It is clear that—at least in the country where I work—the culture industry here is eager to sell (literally, metaphorically, and intellectually) the products that fulfill foreign preconceived expectations about those wares developed in these latitudes. That type of transaction is true but also its opposite: foreign professionals deeming conceptually oriented practices stranger when exhibited in the country where I live.

In order to create a platform to discuss this, I brought to the table two seemingly unrelated entities in the exhibition: the North American artist Robert Rauschenberg, and a phenomenon that has been given far less attention than any other in the climate change discussion: the expansion of the tropics.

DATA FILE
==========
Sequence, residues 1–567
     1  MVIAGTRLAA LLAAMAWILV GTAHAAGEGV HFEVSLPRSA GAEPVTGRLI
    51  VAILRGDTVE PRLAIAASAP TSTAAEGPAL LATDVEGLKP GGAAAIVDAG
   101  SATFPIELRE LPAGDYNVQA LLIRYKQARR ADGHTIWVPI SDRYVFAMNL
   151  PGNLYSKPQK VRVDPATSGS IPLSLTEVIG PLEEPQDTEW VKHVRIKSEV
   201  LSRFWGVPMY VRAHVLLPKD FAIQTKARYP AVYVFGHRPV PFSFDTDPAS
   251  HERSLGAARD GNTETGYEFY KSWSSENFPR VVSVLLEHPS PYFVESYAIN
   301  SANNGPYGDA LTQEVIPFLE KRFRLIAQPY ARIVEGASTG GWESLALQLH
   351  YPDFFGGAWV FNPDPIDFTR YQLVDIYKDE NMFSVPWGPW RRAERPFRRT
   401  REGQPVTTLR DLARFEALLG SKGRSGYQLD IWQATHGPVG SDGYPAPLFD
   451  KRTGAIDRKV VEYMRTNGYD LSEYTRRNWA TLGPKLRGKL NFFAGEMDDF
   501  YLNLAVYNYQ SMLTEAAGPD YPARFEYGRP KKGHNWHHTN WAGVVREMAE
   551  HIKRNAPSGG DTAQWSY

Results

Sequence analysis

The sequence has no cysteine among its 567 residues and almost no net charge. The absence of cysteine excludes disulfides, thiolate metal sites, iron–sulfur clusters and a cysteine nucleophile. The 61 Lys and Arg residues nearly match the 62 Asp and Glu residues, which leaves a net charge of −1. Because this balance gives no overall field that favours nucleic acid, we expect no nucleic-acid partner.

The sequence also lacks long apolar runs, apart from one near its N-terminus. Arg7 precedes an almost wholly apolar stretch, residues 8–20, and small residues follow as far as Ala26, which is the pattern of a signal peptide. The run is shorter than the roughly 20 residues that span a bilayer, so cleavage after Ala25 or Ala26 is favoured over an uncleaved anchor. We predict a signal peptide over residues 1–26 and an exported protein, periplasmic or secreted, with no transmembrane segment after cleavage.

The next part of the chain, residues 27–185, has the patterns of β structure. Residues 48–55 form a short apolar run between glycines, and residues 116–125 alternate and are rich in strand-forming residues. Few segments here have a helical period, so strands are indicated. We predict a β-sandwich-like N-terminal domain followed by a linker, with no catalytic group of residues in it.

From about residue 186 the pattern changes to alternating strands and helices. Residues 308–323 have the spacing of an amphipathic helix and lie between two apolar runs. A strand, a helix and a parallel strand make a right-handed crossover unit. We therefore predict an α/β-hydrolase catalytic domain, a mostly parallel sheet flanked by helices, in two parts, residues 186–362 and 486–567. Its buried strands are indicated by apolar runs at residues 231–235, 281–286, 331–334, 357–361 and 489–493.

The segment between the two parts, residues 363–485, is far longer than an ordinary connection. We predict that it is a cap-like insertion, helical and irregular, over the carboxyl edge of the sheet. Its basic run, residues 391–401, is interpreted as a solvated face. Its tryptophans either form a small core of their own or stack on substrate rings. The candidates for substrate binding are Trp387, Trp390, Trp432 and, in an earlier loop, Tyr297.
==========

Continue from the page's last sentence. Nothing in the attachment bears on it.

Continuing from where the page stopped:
On one side, I wanted to put into question an example of an artist who had lived and worked in the so-called tropics for more years than in any other place, but had never been deemed a tropical artist. This had a twofold purpose: to state that either whatever work Rauschenberg was doing in the south of Florida could also be conceived as tropical, or that it was the proof that not all tropical art made in that region of the world was meant to be colorful and connected to “desire and leisure”—to use the words of the provocation of this forum.